157 – On Fractals & The Mandelbrot Set …

Fractal, from the Latin fractus meaning “broken” or “fractured”, is the recurrence of a pattern or shape which is replicated at decreasing or increasing scales and used to conceptualize fractional dimensions in Nature (small sections of clouds, mountain ranges, lightning bolts, blood vessels, snowflakes, cauliflowers, that look similar to the whole). The recursive nature of fractals is also called Expanding Symmetry or Evolving Symmetry and is obvious, for instance, in a branch from a tree, which is a miniature replica of the whole, not identical, but similar in nature. If the replication of the pattern or shape is exactly the same at every scale, it is called a Self-Similar Pattern and is best illustrated in the magnifications of the Mandelbrot set.

Mandelbrot Set

Mandelbrot Set

 

The elaborate boundary of the Mandelbrot set reveals ever-finer detail at increasing magnifications, with each magnification incorporating smaller repetitions of the set. So the fractal property of self-similarity applies to the entire set and not just to its parts (the link at the bottom is a 2.14 Minutes YouTube video showing the recurrence of the set at increasing magnifications).

The Mandelbrot set has become popular outside mathematics, both for its aesthetic appeal and as an example of a complex structure arising from the application of simple rules. It is one of the best-known examples of mathematical visualization [1].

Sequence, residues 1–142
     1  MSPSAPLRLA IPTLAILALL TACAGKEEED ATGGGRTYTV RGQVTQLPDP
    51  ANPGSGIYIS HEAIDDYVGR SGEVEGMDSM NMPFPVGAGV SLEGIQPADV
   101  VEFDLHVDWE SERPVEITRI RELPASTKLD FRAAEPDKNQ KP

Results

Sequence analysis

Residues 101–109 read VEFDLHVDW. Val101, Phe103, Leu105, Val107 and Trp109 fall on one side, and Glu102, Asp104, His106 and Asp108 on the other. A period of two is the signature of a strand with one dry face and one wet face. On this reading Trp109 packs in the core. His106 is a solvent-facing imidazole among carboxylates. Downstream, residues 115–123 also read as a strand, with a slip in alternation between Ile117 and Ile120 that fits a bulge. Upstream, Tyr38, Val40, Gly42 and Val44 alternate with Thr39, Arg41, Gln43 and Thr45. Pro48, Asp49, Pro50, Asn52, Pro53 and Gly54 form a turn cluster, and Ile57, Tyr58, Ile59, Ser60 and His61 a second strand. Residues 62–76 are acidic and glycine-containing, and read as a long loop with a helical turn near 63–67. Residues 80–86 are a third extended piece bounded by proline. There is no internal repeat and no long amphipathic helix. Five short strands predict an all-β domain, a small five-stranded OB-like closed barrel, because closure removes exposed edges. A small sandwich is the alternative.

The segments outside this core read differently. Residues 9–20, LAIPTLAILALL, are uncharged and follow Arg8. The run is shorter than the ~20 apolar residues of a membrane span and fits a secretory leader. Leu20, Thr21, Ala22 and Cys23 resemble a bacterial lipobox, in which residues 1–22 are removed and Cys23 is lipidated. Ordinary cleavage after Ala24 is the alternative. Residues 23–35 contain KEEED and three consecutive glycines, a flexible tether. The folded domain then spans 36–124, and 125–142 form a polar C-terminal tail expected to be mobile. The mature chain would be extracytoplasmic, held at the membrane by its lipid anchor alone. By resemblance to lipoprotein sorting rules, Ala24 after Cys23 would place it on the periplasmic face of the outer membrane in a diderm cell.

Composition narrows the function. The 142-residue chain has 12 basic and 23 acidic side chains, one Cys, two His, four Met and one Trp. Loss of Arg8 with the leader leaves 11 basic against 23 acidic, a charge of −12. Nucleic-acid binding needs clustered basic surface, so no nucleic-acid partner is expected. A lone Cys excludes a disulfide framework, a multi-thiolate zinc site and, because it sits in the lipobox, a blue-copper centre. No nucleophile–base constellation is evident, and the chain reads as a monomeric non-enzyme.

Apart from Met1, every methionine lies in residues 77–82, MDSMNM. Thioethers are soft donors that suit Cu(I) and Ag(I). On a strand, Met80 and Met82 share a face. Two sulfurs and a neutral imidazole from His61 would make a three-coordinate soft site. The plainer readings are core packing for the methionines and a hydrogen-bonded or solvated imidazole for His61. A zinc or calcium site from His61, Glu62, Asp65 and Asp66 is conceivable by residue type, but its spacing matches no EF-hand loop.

Along with Holography (see post 154), the Mandelbrot set is one of the best analogies of Self-similarity I can find in the natural sciences: Everything in Nature, including you and me, including the Universe, is similar to everything else in the way we all unfold according to a common blueprint: Become, Self-organize, Bond, Self-generate, Adapt, Self-perpetuate, Transform. This common blueprint endows every component … every one of us, every molecule, every galaxy … with the capacity to find ingenious ways to reproduce its supple mandate, thus perpetuating the recurrence of progressive cycles that begin with Becoming and always lead to Transformation. It is thus I believe that this common blueprint is the foundation for building cohesive structures that can adapt to changing environments and engender creative hierarchical orders of complexity.

The Mandelbrot set is a computer generated program in which we find the recurrence of identical repetitions, but ‘natural systems’ [2] are diverse, highly malleable, and completely reliant on a creative symbiosis with the evolutionary processes in which we exist; therefore, self-similarity in Nature is not identical like in the Mandelbrot set, but is instead an evolving symmetry towards greater and greater complexity.

Self-similarity in Nature goes both ways; recurring from the whole Universe all the way to atomic particles, and vice-versa. Everything begins by becoming, then on to self-organizing, bonding, self-generating, adapting, self-perpetuating, and ultimately, transforming. This kind of cohesion can only be achieved with a degree of communication we are not yet able to comprehend, even though it is constantly occurring in us. How else can we communicate our own blueprint (DNA) to every cell we create in our bodies? How else can they in return, as a combined whole, communicate to us what we are … the captain or our vessel … so we can follow primal instincts, yet be able to choose direction?

It is obvious to me that the common knowledge of self-similarity in Nature can help us understand a bit better our intimate relationship with Nature, what is not obvious is why this knowledge is not in every curriculum of our educational systems?

https://youtu.be/9G6uO7ZHtK8

[1] The information above has been abstracted from Wikipedia

[2] By ‘natural system’ I refer to ‘open systems’ which are generated by natural processes to interact freely while manipulating and being manipulated by environments, as opposed to ‘closed systems’ which are made by man to fit specific expectations.

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